Review and road test of the Peugeot 306 (1993 - 2002)
BY JONATHAN CROUCH
The Peugeot 306 was launched in 1993 and lasted until the 307 was introduced in 2001. Estate versions even ran on until Summer 2002. Until the Ford Focus arrived, it was the leading family hatchback for keen drivers and it remains satisfying for those who enjoy life at the steering wheel. Overall then, a fine used car - if you buy carefully.
1993 to 1997: (3 & 5dr hatchback, 4dr saloon, 2dr cabriolet; 1.4, 1.6, 1.8, 2.0, 1.9 diesel, 1.9 turbo diesel [XN, XL, XR, XS, XSi, XT, S16, GTi-6, SL, SR, ST, XND, XLD, XLDT, XRD, XRDT, XTDT, D Turbo, SND, SLDT, SRDT, STDT]
1997-2002: (3 & 5dr hatchback, 5dr estate, 4dr saloon, 2dr cabriolet; 1.4, 1.6, 1.8, 2.0, 1.9 diesel, 1.9 turbo diesel, 2.0 HDi turbo diesel [L, LX, XS, XSi, GLX, GTi-6, Rallye, D Turbo, Roadster])
The 306 was launched in April 1993 to replace the ageing 309 and represent Peugeot in the important family hatchback sector. Under the skin, the new car shared many parts with its PSA stablemate, Citroen's ZX. No bad thing; the ZX was recognised as one of the best cars in its class.
Few would dispute, however, that Peugeot's offering was the better looking of the two. The early engine choice of 1.4, 1.6 and 1.8-litre petrol units was quickly widened to include both normally aspirated and turbocharged 1.9-litre diesels. In January and February 1994, three-door versions and 2.0-litre petrol-engined XSi and S16 16v sporty hot hatches arrived, boasting 123 and 155bhp respectively. A pretty cabriolet arrived in May and a neat four-door saloon, the Sedan, followed in October 1994. Soon after, the S16 was replaced by the even faster GTi-6.
In April 1997, the range was facelifted, with a smart new nose, mild alterations at the rear and extra equipment. Power steering was standard on all versions and a 112bhp 1.8-litre 16v engine added to the line-up, replacing the eight-valver in all but automatic versions (which subsequently gained a new 16v 1.6). An estate followed in the autumn of 1997, offering mostly the same engines and trim levels as its three, four and five-door counterparts.
ABS became standard on all models in Autumn 1998 and the last round of revisions (body-coloured bumpers across the range along with twin front airbags and anti-lock brakes) was announced in June 1999, around the time the last saloons were sold. At this point, a 90bhp HDi engine replaced the 1.9-litre turbo diesel. In 2001 Peugeot pared the available selection down to estates and cabriolets, the estates consisting of a much reduced range. These continued until Summer 2002.
What You Get
A five-door family car, that's still amongst the medium range class leaders. It's better than nearly all the more recent designs to drive and build quality has improved a great deal in recent years. So has the quality of materials used.
On all 306s, insurance costs tend to favour the customer more than you might expect; the cost of covering the car tends to be between 15 and 40% less than with any of its major rivals.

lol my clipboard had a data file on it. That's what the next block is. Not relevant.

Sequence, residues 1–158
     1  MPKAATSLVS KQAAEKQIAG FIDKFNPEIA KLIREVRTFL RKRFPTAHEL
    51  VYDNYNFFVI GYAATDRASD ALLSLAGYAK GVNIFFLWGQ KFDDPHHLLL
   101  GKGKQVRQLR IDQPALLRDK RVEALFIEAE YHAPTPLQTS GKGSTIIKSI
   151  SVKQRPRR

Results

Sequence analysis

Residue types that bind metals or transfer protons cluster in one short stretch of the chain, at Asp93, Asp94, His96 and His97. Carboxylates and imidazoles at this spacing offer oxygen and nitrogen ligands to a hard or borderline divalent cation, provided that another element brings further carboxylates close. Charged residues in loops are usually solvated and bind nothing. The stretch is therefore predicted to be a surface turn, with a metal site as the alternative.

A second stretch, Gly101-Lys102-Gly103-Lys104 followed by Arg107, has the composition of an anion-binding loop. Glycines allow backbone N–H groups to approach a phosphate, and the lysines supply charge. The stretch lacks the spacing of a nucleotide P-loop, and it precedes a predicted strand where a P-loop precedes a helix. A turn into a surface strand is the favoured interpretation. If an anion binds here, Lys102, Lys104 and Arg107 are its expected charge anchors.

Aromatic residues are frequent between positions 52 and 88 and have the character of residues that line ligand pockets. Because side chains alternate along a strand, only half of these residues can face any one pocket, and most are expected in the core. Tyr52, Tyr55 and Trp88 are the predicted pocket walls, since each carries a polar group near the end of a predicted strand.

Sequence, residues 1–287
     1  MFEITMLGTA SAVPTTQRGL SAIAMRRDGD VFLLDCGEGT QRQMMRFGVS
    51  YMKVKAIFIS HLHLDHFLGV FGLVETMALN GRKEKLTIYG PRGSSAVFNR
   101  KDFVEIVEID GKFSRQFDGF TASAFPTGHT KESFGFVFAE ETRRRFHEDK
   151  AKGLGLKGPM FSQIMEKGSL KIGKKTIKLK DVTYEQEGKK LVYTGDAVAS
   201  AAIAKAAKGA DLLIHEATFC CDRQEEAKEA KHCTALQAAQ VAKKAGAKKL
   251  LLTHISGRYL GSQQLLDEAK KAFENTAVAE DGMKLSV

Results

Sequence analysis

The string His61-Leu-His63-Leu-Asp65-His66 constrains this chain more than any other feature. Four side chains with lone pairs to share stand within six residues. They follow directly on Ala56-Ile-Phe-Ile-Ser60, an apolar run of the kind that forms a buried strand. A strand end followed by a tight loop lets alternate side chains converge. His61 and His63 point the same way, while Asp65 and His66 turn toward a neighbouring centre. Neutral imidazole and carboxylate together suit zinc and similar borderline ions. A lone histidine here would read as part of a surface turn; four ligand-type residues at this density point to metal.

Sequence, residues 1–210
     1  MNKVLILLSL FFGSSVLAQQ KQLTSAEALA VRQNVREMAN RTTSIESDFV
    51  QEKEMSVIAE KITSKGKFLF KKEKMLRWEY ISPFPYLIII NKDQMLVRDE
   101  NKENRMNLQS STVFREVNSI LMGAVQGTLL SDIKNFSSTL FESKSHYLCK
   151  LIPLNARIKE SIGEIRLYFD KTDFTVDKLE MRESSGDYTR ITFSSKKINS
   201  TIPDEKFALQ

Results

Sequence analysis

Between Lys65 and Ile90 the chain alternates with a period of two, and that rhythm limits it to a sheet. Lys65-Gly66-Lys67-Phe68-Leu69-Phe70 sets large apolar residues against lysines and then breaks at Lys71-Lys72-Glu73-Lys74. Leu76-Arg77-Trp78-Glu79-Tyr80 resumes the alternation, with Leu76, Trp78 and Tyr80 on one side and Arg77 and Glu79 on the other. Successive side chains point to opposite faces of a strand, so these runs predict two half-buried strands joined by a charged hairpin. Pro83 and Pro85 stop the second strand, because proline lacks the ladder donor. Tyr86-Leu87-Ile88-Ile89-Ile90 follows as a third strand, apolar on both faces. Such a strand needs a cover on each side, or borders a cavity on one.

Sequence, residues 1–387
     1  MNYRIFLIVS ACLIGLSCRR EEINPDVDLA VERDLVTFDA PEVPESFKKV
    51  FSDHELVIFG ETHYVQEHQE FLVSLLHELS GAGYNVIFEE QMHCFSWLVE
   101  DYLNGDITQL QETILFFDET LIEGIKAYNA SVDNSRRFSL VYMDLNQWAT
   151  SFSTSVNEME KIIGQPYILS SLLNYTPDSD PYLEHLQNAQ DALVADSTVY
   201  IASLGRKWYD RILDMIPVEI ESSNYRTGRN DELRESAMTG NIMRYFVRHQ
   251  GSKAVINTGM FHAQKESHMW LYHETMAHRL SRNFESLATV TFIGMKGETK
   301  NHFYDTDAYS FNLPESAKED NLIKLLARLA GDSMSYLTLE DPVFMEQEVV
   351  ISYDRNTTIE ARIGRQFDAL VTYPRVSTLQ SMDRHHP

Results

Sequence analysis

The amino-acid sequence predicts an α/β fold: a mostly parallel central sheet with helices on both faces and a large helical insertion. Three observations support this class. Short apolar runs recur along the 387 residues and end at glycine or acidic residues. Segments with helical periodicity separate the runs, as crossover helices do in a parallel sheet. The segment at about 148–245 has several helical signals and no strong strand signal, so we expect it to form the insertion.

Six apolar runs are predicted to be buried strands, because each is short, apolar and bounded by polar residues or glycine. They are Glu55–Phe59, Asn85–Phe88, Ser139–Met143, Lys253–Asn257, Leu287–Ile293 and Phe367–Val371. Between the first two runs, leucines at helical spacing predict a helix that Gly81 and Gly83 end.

What to Look For
Go for the latest car you can afford as standard equipment increased noticeably in recent years to compete with newer rivals. A driver's airbag was added for 1994 (you'll identify these cars by the chrome surround around the front grille badge) and many post-1997 models have air conditioning which was a low-cost alternative to the standard sunroof.
Avoid high mileage examples - repairs can be expensive. Pre-1994 models are prone to blowing out blue oil smoke; check carefully and avoid any such examples. Watch for electrical equipment failure, coolant leaks and uneven tyre wear. Check for heavy clutches and ensure early cars have power steering because the unassisted system will give your arm muscles quite a workout around town.
Try for XT or GLX versions; at this level, deadlocks were fitted for extra security and there's loads of extra equipment such as rear electric windows.
(approx based on a 1994 306 XSi) Brake pads are around £62 a set, a full headlamp assembly is around £87. A clutch should cost you £225, an exhaust system (including catalyst) around £550 and a radiator up to £135. A starter motor will be about £185 and an alternator £200.
On the Road
Performance is rapid on all models. On the 1.6-litre petrol version, you can expect a top speed of 111mph and 0-60mph acceleration in 12.9 seconds. At the same time, fuel consumption is over 30mpg around town and over 50mpg at a steady 56mph.
Those statistics, however, don't take any account of mid-range power - the area where it really counts. Put simply, these are amongst the most flexible small family cars you can buy, petrol or diesel, and even a short test drive reveals why.
At the wheel, the driving position is close to perfection, the pedals and steering wheel just where you want them. The seats, too, are excellent, supportive on long runs and grippy through tight corners. There are some nice cabin touches too, like the facia-top locker which complements the glove box (though this is a passenger airbag on later cars).
Gripes? Well, the gearbox isn't quite as sweet as you might hope and the paint quality isn't the best but apart from that, it's difficult to fault the 306.
All in all, Peugeot's 306 is a family hatch, saloon or estate you can't afford to leave off the family shopping list. Who says that you need to forget driving enjoyment just because you've got family responsibilities? It may be getting on a bit now, but for those who want the driver's choice, the 306 is a good place to start looking.
Peugeot 306 (1993 - 2002) review by JONATHAN CROUCH